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Inhibition of indoleamine 2,3-dioxygenase, an immunoregulatory target of the cancer suppression gene Bin1, potentiates cancer chemotherapy


Immune escape is a crucial feature of cancer progression about which little is known. Elevation of the immunomodulatory enzyme indoleamine 2,3-dioxygenase (IDO) in tumor cells can facilitate immune escape. Not known is how IDO becomes elevated or whether IDO inhibitors will be useful for cancer treatment. Here we show that IDO is under genetic control of Bin1, which is attenuated in many human malignancies. Mouse knockout studies indicate that Bin1 loss elevates the STAT1- and NF-κB-dependent expression of IDO, driving escape of oncogenically transformed cells from T cell–dependent antitumor immunity. In MMTV-Neu mice, an established breast cancer model, we show that small-molecule inhibitors of IDO cooperate with cytotoxic agents to elicit regression of established tumors refractory to single-agent therapy. Our findings suggest that Bin1 loss promotes immune escape in cancer by deregulating IDO and that IDO inhibitors may improve responses to cancer chemotherapy.

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Figure 1: Bin1 loss promotes tumor formation by facilitating immune escape.
Figure 2: Bin1 loss potentiates the NF-κB- and STAT-dependent expression of Indo.
Figure 3: IDO inhibition counteracts the benefit of Bin1 loss to tumor formation.
Figure 4: IDO inhibition cooperates with paclitaxel to cause regression of autochthonous MMTV-Neu breast tumors.
Figure 5: MTH-trp is a potent bioactive inhibitor of IDO.
Figure 6: MTH-trp enhances paclitaxel efficacy.

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We thank J. Baker for providing assistance in generating primary keratinocytes from late-stage embyros and for characterizing transgene expression in transformed cell populations. This work was made possible by support from the Lankenau Hospital Foundation, by grants to A.J. Muller from the Sharpe Foundation of the Bryn Mawr Hospital and the State of Pennsylvania Department of Health (CURE/Tobacco Settlement Award), and by grants to G.C. Prendergast from the Department of Defense Breast Cancer Research Program (BC021133), the State of Pennsylvania Department of Health (CURE/Tobacco Settlement Award), and the Charlotte Geyer Foundation.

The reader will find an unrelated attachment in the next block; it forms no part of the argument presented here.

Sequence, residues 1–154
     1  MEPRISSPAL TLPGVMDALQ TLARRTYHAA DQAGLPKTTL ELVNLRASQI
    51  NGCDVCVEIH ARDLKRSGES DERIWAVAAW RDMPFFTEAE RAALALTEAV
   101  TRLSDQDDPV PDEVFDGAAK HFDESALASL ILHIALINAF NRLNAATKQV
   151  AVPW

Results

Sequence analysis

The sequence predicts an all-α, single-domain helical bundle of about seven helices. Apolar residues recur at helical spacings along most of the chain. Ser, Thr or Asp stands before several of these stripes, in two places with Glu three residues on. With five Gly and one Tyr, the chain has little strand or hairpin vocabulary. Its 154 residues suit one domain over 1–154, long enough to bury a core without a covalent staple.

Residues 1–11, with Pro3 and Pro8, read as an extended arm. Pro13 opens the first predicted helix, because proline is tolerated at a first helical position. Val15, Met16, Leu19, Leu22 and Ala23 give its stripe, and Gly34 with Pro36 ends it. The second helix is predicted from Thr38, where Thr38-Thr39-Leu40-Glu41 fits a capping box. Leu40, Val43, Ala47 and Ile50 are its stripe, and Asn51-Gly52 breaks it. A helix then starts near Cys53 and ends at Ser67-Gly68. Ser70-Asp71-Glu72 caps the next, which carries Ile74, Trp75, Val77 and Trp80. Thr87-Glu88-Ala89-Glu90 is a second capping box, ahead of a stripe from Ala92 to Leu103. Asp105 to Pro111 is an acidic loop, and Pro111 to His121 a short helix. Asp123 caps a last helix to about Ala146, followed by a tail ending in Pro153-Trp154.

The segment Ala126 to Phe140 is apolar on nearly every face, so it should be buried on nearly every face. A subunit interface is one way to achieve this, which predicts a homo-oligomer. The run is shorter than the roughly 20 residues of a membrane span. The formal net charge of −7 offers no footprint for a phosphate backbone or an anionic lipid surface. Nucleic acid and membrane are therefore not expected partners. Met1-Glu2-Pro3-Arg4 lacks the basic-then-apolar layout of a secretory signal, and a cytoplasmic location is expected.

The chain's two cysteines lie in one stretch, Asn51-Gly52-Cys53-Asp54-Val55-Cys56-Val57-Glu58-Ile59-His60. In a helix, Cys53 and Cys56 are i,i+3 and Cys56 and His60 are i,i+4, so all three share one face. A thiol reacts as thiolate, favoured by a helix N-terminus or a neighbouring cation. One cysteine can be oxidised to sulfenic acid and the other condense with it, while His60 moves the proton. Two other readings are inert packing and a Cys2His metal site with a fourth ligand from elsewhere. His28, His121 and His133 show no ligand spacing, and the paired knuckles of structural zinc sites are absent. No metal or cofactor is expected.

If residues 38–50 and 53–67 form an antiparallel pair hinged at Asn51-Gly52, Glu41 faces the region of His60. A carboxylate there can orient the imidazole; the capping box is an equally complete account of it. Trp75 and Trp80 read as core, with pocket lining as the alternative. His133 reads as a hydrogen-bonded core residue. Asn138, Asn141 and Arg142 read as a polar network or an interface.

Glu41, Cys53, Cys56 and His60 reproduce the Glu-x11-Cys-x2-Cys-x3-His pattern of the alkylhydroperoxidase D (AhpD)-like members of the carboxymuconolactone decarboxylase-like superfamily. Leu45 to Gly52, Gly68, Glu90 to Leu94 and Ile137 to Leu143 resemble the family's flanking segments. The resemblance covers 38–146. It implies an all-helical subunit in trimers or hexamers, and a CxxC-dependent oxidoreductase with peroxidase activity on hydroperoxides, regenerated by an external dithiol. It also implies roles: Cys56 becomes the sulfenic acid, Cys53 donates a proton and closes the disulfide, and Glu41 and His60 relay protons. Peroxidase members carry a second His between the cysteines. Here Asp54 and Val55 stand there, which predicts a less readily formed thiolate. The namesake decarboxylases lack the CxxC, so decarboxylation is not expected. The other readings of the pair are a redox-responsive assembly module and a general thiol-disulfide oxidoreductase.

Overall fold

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Correspondence to George C Prendergast.

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Competing interests

George C. Prendergast is co-founder, president and chief scientific officer and significant stockholder in OncoRx, Inc., a start-up biotechnology company that aims to develop the therapeutic principle described in the manuscript. Alexander J. Muller is scientific co-founder and major stockholder in OncoRX, Inc; James B. DuHadaway is a stockholder in OncoRx, Inc. Prendergast, Muller, and DuHadaway are co-inventors on two published patents incorporating discoveries described in the manuscript: WO 2004 093871 'Novel methods for the treatment of cancer' (pending) and WO 2004 094409 'Novel IDO inhibitors and methods of use' (pending).

Supplementary information

Supplementary Fig. 1

Validation that 1MT administered by time-release pellets achieves sufficient systemic exposure to promote immune rejection of allogeneic concept. (PDF 138 kb)

Supplementary Fig. 2

Attenuation of Bin1 expression during the development of MMTV-Neu mammary tumors. (PDF 165 kb)

Supplementary Fig. 3

Immune competence is required for cooperativity of 1MT with paclitaxel. (PDF 74 kb)

Supplementary Fig. 4

Pharmacokinetic analysis of IDO inhibitors in mouse serum. (PDF 58 kb)

Supplementary Methods (PDF 69 kb)

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Muller, A., DuHadaway, J., Donover, P. et al. Inhibition of indoleamine 2,3-dioxygenase, an immunoregulatory target of the cancer suppression gene Bin1, potentiates cancer chemotherapy. Nat Med 11, 312–319 (2005).

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